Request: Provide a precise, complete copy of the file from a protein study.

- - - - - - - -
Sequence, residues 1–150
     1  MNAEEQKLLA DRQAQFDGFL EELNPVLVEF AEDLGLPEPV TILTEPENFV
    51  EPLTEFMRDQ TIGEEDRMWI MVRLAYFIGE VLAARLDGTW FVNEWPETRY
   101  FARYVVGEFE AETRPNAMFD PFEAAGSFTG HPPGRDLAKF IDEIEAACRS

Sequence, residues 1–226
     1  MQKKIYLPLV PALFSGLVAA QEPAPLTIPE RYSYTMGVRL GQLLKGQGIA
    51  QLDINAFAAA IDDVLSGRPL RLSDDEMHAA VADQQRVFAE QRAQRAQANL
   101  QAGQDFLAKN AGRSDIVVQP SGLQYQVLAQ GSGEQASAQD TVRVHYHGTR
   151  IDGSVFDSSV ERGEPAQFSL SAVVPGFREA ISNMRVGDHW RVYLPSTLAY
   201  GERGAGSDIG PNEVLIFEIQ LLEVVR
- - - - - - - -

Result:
Sequence, residues 1–150
     1  MNAEEQKLLA DRQAQFDGFL EELNPVLVEF AEDLGLPEPV TILTEPENFV
    51  EPLTEFMRDQ TIGEEDRMWI MVRLAYFIGE VLAARLDGTW FVNEWPETRY
   101  FARYVVGEFE AETRPNAMFD PFEAAGSFTG HPPGRDLAKF IDEIEAACRS

Sequence, residues 1–226
     1  MQKKIYLPLV PALFSGLVAA QEPAPLTIPE RYSYTMGVRL GQLLKGQGIA
    51  QLDINAFAAA IDDVLSGRPL RLSDDEMHAA VADQQRVFAE QRAQRAQANL
   101  QAGQDFLAKN AGRSDIVVQP SGLQYQVLAQ GSGEQASAQD TVRVHYHGTR
   151  IDGSVFDSSV ERGEPAQFSL SAVVPGFREA ISNMRVGDHW RVYLPSTLAY
   201  GERGAGSDIG PNEVLIFEIQ LLEVVR